Web Surfers Continue to Feel the Need for Speed

NEW YORK The number of Internet users accessing the Web through a broadband connection at home grew by 9 percent in just six months, according to a new study from comScore networks. The rise resulted in 28 percent of all home Web surfers logging on via a high-speed connection in March.

Conversely, dial-up usage went down 2 percent during the same period from October 2002 to March 2003.

Clearly, more people are converting from dial-up services to cable, DSL, ISDN or other high-speed Web connections. According to a Nielsen/NetRatings report released in January, more than 33.6 million Internet users accessed the Web via broadband in December 2002, nearly a 60 percent year-over-year rise. Meanwhile, those logging on to the Internet through dial-up access declined 10 percent to 74.4 million that same month [IQ Daily Briefing, Jan. 15].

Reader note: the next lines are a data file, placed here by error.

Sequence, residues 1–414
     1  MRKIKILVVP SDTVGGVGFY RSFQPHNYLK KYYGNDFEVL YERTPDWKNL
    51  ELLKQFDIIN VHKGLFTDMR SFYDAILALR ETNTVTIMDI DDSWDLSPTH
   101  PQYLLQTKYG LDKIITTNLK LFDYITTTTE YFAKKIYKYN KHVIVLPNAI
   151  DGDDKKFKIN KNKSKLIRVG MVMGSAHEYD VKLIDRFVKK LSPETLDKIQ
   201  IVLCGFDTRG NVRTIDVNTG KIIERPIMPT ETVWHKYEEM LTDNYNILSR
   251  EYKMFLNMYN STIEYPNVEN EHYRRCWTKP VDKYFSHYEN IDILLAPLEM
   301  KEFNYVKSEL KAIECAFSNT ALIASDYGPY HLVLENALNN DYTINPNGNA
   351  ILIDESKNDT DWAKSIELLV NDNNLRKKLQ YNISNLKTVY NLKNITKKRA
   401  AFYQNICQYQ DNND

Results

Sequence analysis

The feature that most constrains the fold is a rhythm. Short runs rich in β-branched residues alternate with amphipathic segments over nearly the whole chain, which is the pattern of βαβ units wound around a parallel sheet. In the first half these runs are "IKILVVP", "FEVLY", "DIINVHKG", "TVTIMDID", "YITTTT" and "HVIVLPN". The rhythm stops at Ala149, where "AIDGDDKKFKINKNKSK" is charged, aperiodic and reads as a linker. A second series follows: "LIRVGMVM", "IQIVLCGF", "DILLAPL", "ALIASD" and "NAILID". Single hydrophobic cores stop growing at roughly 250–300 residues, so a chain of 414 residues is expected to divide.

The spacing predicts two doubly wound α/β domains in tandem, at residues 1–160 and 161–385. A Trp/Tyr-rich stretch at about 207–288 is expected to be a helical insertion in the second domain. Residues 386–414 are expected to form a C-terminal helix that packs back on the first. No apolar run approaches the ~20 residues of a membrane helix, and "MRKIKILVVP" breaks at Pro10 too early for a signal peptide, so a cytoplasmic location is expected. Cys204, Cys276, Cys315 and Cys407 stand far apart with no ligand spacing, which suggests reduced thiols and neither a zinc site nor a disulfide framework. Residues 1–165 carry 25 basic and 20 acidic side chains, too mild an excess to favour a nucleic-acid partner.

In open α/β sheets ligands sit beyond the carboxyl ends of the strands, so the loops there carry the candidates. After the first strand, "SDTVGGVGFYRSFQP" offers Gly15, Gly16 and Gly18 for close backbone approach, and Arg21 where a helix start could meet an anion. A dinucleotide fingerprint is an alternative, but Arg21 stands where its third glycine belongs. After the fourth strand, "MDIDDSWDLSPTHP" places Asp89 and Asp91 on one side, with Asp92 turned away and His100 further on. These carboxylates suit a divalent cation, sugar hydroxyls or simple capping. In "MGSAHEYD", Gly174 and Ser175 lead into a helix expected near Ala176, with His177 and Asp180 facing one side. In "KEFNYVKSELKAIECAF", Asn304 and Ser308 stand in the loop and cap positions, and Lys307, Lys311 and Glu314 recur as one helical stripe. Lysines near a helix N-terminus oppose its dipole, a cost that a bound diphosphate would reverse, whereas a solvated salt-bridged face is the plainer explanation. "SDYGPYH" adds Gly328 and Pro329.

ComScore partly attributes the increased emphasis on connection speed to the shift in content from predominantly text and static graphics to streaming video and other bandwidth-intensive media.

While one of the most attractive benefits of broadband is speed, the New York-based Internet research firm said that speed varies significantly across providers and by the type of broadband connection. In fact, comScore found that the average cable modem connection was more than 50 percent faster than the average DSL connection.